Living in limbo, Richardson’s Pamela never truly resolves as a character. While her social growth is evident, her person actually appears static, never seeming to make any moves within the hierarchy that she is not a part of. Despite her attempts to fit into Mr. B-’s life and location, Pamela does not fit into traditional social spheres; she cannot reside in a culturally defined realm if she does not have the characteristics required for any of them. She transcends the roles asked of her, be it high or low, while simultaneously attempting to fit into them. Does Pamela lack a strong identity outside of social roles because her main goal in the novel is to fit into those very roles? The intensity of the social structure in Pamela creates an impossible challenge for happiness for a girl like Pamela, residing in her own space outside of the roles she, seemingly, has to choose between.


3 thoughts on “A Bit More on Character Reliability; and Pamela’s Happiness

  1. Thank you so much for your insight – and for agreeing with me haha.

    Along a similar vein to my post, I think you bring a very interesting notion of the idea of “limbo” in which Richardson’s Pamela exists. As we discussed in class on Wednesday, Pamela and, similarly, Mr. B both underwent major character changes. Something that, I find hard to believe; for two characters who seem very set in their ways and personal tastes/values/virtues thus far in the novel, suddenly switching to see the errors of their ways seems, frankly, unrealistic. Your final paragraph starts out by saying “Living in limbo, Richardson’s Pamela never truly resolves as a character. While her social growth is evident, her person actually appears static, never seeming to make any moves within the hierarchy that she is not a part of.” Static personality, in this light, comes across as indecisive and saucy, meaning non-mediated and uncultured for Pamela’s time.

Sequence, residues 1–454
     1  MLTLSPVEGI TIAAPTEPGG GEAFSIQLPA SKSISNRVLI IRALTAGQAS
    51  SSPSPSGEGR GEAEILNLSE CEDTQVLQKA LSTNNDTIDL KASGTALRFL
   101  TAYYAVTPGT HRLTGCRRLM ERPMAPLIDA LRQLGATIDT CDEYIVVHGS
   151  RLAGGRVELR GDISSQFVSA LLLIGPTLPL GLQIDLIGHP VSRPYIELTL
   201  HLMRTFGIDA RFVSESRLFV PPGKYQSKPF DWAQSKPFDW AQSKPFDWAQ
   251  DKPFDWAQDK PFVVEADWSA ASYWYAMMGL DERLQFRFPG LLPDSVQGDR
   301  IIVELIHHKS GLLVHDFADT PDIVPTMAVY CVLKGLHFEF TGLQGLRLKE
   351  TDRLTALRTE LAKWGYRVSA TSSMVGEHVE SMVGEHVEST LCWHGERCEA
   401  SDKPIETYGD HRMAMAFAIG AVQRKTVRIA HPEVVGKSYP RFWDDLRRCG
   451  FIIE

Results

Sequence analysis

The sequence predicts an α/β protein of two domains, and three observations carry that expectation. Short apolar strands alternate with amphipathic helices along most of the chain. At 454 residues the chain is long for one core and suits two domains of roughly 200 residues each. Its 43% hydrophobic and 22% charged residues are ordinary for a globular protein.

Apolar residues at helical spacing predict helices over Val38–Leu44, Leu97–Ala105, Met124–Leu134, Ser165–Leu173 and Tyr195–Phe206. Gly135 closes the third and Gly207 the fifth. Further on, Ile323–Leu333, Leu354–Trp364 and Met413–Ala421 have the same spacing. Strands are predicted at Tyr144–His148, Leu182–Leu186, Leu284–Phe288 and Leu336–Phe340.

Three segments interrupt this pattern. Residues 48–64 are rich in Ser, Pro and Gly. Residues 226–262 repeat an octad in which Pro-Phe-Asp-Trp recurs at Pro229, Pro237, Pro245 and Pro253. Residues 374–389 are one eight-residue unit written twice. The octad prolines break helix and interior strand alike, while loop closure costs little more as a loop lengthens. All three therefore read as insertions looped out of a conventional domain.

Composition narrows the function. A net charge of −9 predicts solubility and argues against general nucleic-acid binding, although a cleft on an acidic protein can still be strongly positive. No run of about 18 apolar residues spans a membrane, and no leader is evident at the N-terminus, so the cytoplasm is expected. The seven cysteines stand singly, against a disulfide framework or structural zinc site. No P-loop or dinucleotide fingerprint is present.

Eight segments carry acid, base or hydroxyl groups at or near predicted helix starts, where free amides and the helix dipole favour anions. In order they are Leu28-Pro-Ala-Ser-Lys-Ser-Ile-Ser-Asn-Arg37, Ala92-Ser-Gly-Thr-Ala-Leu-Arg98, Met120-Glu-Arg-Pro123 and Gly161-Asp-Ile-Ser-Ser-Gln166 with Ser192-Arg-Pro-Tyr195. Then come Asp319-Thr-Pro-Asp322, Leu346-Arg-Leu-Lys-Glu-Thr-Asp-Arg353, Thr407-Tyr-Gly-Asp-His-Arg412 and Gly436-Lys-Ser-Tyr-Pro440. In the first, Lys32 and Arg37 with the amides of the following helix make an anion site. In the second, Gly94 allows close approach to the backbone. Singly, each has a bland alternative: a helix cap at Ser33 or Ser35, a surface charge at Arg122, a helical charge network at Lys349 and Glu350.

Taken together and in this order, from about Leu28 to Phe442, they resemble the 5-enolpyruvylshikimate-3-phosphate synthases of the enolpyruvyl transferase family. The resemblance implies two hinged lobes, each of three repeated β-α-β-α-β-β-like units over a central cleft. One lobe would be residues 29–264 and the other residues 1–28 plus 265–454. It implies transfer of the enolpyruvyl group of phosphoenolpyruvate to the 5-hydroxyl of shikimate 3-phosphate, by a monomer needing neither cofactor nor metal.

That being said, it is possible for a person to change his or her opinions on something. Happens every day. Pamela and Mr. B could have undergone a major change of heart in the novel, but we, as it’s readers, do not get enough of a glimpse to this to truly understand why and how.

  2. The last class discussion when we discussed Pamela as being a flat character, who never truly grows, I think ties into this post. Pamela in the beginning held on to her virtue and fended off the advances of her master, but as soon as she was allowed to go back decided that she could just marry him and have a stable life. Although there is motive in that decision to be able to have stability economically and socially there is no real substance behind Pamela. Her letters solely focus on the relationship between her and Mr. B, and when he uses power over her (even if it changes from sexual assault to rules within their marriage) and she allows him to do so. Pamela may change between classes when she marries Mr. B (even if it’s just as a “painted piece of dirt”) but within the novel she doesn’t change in other ways, she’s still the naive girl that marries a man who sexually assaults and threatens her and then continues to allow him to control her even in her new position as the lady of the house.

  3. Sarah, you raise some great and interesting points about Pamela and movement between social classes as a whole. I was particularly interested in your discussion of Pamela’s state of limbo in conjunction with questions regarding Pamela’s happiness, as I have seen many contemporary pieces continue to portray this very theme. I found your description of Pamela as a character “residing in her own space outside of the roles she, seemingly, has to choose between” to be spot on. Living in this in between state can provide large obstacles for certain people to overcome. When a person of a lower class rises into a higher class, it seems they often have to disassociate from one of those two groupings. I wonder if happiness is ever actually achievable for a character like Pamela who lives in this state of limbo you have (I think accurately) described. Your post made me think of the ways in which people might have to give certain things up in order to rise into a higher class, and how their way of life may be drastically altered by a dramatic change in financial situations.